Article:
Boch Hollow - Robinson Falls

No matter how many places I visit in Ohio, I'm always drawn back to the stunning views in Hocking Hills. After three years of intense study in the area and well over 100 separate visits, there's always something interesting to find. For today's state nature preserve, I'm revisiting Boch Hollow...sort of. This portion of the SNP is permit-only, and is a one of the more controversial preserves in the state. Come along with me as I explore the short, yet sweet Robinson Falls.

Once leaving exiting State Route 33 near Logan, Ohio there are two main roads which lead South towards the major sites in Hocking Hills. Along 374, you'll find sites such as Rock House, Cedar Falls, and another fantastic SNP, Conkle's Hollow. The other main drag, 664 will take you past Old Man's Cave, and heading further North to Lake Logan and Boch Hollow. The main entrance for Boch Hollow is marked with an ODNR sign, but the Robinson Falls aka Corkscrew Falls portion only has a tiny marker at the side of 664 (at the time of writing). If you're not looking carefully, even with the proper coordinates it's very easy to miss. Fortunately, this is one of the more blogged-about SNP's, therefore hikers have solid directions.


The tricky thing about Robinson Falls is the property line the water divides. On one side of the water you've got State managed preserve property, and on the other side you've got private property. Over the years photographers and other waterfall chasers have been trekking through private land to get to the elusive Corkscrew Falls, which led ODNR to step in an help both parties. While not as easy as pulling into the paved parking lot at a state park, Robinson Falls can be accessed by applying for a free permit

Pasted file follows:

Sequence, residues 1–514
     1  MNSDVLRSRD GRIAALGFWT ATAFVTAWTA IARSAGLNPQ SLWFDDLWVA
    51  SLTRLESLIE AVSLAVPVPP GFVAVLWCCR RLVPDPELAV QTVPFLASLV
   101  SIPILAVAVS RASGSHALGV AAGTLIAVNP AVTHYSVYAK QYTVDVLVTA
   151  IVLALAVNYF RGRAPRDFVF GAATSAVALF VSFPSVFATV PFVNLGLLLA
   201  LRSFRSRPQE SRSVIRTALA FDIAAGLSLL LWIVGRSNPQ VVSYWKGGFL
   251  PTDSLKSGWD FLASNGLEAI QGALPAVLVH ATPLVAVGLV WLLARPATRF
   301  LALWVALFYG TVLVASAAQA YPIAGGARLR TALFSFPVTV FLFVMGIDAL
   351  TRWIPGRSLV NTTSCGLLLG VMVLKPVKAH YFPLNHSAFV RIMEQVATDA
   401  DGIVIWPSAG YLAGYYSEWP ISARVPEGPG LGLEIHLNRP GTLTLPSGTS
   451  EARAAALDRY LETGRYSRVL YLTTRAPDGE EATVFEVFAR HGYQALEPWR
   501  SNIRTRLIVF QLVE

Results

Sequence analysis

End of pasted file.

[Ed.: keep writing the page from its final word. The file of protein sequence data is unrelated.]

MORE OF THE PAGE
An online search for "Corkscrew Falls Ohio" might give the impression that these are massive flows of water over a towering cliff, but the truth is it's tiny compared to others in Hocking Hills. Once the field of view gets beyond what you'd use for a tightly cropped head-shot, the context of the rest of the landscape takes over the frame. Since the overall hike was fairly short, I was able to bring a wide selection of lenses to play around with my compositions. In the above photograph, I used my Fuji 250mm f/6.7 (~35mm wide angle equivalent) with circular polarizing filter to eliminate some of the glare from the water on the rocks. Increasing my focal length to 600mm with the Nikkor triple convertible (600/800/1200), I was able to get a tight frame on the falls, and utilize the sweeping verticals of the surrounding rock to enhance the scene (see below). 


If you're an Ohio native, please consider checking out the rest of this series, getting out there yourself to explore, or even donating your time or money to preserve these lands for the future. And ff you'd like to check out any of these fantastic SNP's for yourself, remember most of them are free to visit, and usually only an email away from getting permission. 

Thanks for stopping by and I'll see you next time!